Has Canada ever implemented or attempted to implement an immigration ban similar to US President Donald Trump’s recent executive order prohibiting the entry of individuals from seven predominantly Muslim countries? The answer, unfortunately, is “yes.” In 1911, steps were actually taken to have Canada acquire the first racial exclusion order in the Western Hemisphere.

Canadians had prided themselves on being removed from the racial troubles that had developed south of the border following the collapse of Reconstruction in the southern states. And our Immigration Branch was determined to prevent similar racial tensions from developing in Canada. At a time when immigrants were pouring onto the Prairies, not only did Ottawa not solicit American black immigration, it effectively throttled it by discouraging private schemes for black settlement.

Black immigration to the Canadian West had hitherto roused little concern on the part of white Canadians. But all this changed in 1910, when rising anti-black sentiment in the newly created state of Oklahoma threatened to unleash a large migration of blacks north to Canada. When rumours circulated that sizeable numbers of blacks were headed for the Edmonton area, the citizens of Alberta’s capital mounted a vigorous protest against black immigration. The following year, the local board of trade even organized a petition urging the federal government to act immediately to prevent any more blacks from immigrating into Western Canada.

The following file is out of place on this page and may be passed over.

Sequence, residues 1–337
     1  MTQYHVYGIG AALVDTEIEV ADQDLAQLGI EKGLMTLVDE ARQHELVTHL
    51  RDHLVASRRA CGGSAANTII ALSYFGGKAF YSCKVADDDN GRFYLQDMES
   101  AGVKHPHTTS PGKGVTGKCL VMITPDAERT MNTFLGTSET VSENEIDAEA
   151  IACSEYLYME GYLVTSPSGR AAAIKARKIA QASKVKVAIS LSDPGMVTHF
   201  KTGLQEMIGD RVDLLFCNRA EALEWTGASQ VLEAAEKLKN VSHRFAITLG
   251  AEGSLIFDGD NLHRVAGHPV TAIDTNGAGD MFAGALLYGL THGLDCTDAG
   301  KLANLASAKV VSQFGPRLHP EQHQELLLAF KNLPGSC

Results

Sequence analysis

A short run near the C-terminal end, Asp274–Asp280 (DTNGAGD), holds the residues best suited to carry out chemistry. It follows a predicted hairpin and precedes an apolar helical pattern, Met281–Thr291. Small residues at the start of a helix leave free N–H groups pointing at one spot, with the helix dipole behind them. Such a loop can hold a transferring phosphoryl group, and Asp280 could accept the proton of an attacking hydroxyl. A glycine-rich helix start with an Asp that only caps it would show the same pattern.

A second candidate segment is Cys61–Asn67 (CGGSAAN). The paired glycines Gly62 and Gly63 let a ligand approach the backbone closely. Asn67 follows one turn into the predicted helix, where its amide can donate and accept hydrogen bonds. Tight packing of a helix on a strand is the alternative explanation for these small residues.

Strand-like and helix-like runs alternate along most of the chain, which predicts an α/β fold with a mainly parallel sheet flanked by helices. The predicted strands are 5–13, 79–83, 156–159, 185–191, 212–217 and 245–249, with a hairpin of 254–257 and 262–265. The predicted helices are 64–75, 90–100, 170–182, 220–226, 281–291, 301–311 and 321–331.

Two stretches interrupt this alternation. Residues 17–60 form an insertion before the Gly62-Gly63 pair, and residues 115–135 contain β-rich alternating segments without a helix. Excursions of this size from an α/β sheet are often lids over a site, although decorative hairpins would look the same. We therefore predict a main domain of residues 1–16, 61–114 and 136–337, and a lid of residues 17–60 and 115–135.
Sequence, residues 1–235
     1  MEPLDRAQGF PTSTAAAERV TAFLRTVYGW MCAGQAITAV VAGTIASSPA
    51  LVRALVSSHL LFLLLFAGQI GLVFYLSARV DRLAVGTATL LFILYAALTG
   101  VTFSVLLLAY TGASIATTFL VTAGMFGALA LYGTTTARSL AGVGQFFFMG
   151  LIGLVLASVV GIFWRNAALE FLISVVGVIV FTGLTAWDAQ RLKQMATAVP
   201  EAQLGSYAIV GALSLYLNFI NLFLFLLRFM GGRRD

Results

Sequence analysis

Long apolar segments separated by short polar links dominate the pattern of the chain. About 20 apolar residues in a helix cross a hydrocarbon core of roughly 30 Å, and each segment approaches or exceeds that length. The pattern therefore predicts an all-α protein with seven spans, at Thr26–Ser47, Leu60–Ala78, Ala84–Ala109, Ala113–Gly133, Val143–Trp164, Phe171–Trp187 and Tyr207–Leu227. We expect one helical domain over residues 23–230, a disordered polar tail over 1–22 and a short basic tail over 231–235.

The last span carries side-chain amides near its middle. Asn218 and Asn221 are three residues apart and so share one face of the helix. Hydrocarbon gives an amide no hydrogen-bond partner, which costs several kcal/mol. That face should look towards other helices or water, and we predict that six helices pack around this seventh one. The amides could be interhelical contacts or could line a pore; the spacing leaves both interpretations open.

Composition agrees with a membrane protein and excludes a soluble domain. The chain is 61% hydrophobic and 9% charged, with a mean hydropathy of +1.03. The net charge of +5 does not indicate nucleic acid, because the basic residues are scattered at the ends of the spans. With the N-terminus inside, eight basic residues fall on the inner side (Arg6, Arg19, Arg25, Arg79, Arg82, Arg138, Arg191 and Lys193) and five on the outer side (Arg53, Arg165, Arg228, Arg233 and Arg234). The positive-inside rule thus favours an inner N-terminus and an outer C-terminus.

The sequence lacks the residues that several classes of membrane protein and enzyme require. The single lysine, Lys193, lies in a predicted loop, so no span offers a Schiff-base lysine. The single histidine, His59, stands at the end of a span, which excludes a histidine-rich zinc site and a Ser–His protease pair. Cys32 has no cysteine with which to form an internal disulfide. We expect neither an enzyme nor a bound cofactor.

This backlash played directly into the hands of Immigration Branch officials who wanted to see the Canadian border sealed to black immigration. Accordingly, in March 1911, the assistant superintendent of Immigration wrote to Frank Oliver, the minister of the Interior and Superintendent of Indian Affairs, suggesting that the admission of blacks be prohibited. The minister agreed to the recommendation, but it was never implemented because in September 1911 a general election threw the Liberals out of office, and, to all appearances the “crisis” of black immigration passed. All it took was the outcome of a federal election to scuttle plans to implement legislation banning black immigration. For further information about this issue, please see my book Strangers At Our Gates: Canadian Immigration and Immigration Policy, 1540–2015.